Comics: Shane-Michael Vidaurri Discusses Iron: Or, the War After

The (not so) peaceable kingdom

By , Columnist

As the three previous installments in this series has demonstrated, one of the chief strengths of the Archaia catalog, aside from the pervasive quality of craftsmanship displayed by each of its offerings, lies as much in its diversity as its depth. Given the fact that this is a company that’s just over a decade old, it’s truly astounding just how many genres are represented in their backlist.

But for some readers—and particularly for those who are fans of David Petersen’s incredibly popular Mouse Guard series—the anthropomorphic epic fantasy comic is perhaps the most representative Archaia story at present.

Still, that kind of generalization overlooks the simple fact that comics about talking animals are not necessarily bound to any particular genre. Like the comics medium itself, they are infinitely malleable, capable of being transplanted successfully into any kind of story, from the hardnosed noir mystery to the drawing room social allegory, from the epic medieval adventure tale to the cloak and dagger machinations of the classic spy thriller.

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Which brings us to Iron: Or the War After and S.M. Vidaurri.

Iron is one of those rare creatures: a chimera that melds anthropomorphic characters with the settings, set pieces and the subtle yet oh-so-deadly spymaster machinations so typical of a certain type of Cold War-era tale of espionage to create something entirely engrossing and utterly unique. Filled with believable and realistic characterizations, moments of quiet introspection and startling clarity, shot through with a sense of foreboding and tension broken only occasionally by the odd moment of primal brutality, this beautifully rendered graphic novel offers a reading experience unlike just about everything else out there at present.

In other words, it’s a great deal of fun, and one hell of a debut.

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How do you describe Iron: Or, the War After to those who are unfamiliar with it?

I like to say it’s The Wind in the Willows meets All Quiet On the Western Front.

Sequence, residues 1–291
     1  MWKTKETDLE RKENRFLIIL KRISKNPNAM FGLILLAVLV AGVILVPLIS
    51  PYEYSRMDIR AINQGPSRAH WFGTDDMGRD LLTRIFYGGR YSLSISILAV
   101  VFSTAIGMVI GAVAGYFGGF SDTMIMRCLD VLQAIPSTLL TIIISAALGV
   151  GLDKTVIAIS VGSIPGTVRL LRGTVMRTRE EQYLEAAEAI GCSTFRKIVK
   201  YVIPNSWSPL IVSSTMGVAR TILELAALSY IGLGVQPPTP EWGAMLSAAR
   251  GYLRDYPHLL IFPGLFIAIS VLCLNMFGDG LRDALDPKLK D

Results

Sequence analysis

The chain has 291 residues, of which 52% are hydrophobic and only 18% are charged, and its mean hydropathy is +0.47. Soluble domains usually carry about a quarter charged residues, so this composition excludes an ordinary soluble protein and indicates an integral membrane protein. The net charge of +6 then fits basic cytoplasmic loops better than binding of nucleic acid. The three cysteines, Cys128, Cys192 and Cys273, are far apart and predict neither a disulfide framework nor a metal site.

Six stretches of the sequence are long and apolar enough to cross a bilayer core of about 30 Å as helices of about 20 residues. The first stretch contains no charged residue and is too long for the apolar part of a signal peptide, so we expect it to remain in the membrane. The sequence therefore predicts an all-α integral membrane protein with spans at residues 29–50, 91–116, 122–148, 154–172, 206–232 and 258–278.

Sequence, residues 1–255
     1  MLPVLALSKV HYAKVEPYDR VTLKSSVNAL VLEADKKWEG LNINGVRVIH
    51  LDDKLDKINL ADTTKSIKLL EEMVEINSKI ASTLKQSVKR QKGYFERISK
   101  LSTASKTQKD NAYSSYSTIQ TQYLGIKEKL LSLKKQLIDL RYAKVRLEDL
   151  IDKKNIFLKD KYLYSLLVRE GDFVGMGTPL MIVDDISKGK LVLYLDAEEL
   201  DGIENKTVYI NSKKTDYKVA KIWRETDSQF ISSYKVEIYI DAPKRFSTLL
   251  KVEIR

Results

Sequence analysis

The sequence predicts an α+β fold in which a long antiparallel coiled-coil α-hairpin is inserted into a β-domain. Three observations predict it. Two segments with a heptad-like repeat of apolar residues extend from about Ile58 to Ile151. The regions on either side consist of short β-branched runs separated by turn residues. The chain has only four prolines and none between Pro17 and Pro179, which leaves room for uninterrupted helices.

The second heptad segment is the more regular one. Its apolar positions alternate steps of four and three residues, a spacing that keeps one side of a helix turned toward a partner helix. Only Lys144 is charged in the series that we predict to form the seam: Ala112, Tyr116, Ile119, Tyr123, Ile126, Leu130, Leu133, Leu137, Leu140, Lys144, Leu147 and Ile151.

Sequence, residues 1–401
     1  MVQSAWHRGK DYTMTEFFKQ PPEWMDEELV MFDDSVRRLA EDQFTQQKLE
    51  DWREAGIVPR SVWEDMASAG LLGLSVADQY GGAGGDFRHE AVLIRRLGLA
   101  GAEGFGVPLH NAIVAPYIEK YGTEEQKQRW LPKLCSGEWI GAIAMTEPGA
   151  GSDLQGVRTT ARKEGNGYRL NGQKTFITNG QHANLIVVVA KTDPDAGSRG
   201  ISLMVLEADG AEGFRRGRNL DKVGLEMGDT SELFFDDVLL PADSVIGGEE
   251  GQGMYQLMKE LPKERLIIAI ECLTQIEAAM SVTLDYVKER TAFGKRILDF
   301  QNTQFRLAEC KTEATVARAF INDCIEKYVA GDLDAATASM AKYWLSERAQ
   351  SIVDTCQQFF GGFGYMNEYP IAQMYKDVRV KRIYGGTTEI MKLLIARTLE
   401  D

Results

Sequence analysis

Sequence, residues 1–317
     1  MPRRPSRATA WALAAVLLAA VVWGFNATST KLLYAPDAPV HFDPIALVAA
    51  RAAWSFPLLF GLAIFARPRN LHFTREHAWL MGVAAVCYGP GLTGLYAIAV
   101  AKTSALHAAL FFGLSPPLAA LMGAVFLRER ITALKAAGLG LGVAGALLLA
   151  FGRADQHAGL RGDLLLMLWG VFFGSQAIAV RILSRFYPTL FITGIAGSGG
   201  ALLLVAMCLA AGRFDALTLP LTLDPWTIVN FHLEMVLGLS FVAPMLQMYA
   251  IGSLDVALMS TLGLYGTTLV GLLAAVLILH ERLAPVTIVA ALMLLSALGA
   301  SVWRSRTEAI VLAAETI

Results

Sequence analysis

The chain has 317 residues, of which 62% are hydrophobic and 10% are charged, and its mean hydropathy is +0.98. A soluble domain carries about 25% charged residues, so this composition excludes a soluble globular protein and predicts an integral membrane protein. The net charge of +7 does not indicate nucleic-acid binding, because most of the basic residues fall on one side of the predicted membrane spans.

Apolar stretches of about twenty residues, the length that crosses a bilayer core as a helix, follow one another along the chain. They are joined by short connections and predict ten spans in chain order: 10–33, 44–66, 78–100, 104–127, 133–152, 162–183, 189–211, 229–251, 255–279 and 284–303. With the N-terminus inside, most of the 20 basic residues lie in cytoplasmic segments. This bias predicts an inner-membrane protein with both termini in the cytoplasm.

Given that all of the characters are anthropomorphized animals, and the fact that your bio states that you live with a fair number of different beasties, I take it that you’re a huge fan of all creatures great and otherwise. So I have to ask, what do you find fascinating about animals personally, and what about their behavior and bodies makes them such good subjects for storytelling?

I think animals are interesting in a storytelling sense because they are basically a Rorschach test. We see human qualities in them, or at least we imagine that we do. I think the fact that we think the crow is laughing or the lion is proud has more to do with us than it does with them.

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Now, please do correct me if I’m wrong, but I found Iron to be strongly reminiscent of a certain kind of English mystery, the thriller which focuses on wartime or postwar cloak-and-dagger clandestine affairs of state and spycraft. And that led to me wondering what influences are at play in your work, generally, and in this book in particular?

Well, definitely the works of John le Carré. I read The Spy Who Came in from the Cold when I was finishing Iron: Or, the War After, and the somber narrative was definitely an inspiration. I hadn’t actually read any le Carré while I was writing Iron, which was probably for the best. When you’re making a graphic novel it’s always better to check out things that have nothing to do with what you’re doing. You don’t want to get too attached to an influence. I read Bone again and again, and a lot of Haruki Murakami novels.

Well, how’d all of the above come together as this book? When did the idea make its first appearance, and how did you develop it into the book as it stands today?

I’d worked on Iron for a couple of years before it came together as a story. I started off drawing a crow figure, and it kept popping up. I made a small mini-comic with these characters to see what it would be like if I used them in a story. The comic came out decent, and I decided to tackle a much larger project with these characters.

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So, how did you craft the story itself? Did you start by outlining everything before writing out a full script and then sitting down to draw it, or was it a bit looser than that?

I did an outline for the book, but I didn’t do a full script. I don’t really like writing everything out because it ruins a bit of the fun for me. I plan things out in my head pretty completely, but I only write a few pages ahead of where I am. I do a lot of re-writes after I finish all the art. It’s fun to see the drawings take on different meanings when you change the dialogue.

How about the art? Did you start by doing rough layouts, then move on to final layouts and coloring? And what tools did you use? Is this all done the old fashioned way, strictly on the computer, or was it a bit more complicated than that?

I’m pretty terrible in that I also do not like laying things out too much. I’ll draw about four or five pages, and then go back and paint them. I usually tackle a whole scene so that things line up, but I don’t rough out the whole book. I use traditional watercolors, but for Iron, I also used digital media. It was a mix, and some pages have more digital aspects than others. I don’t know if I’d recommend this process, but it works for me, somewhat, so I use it.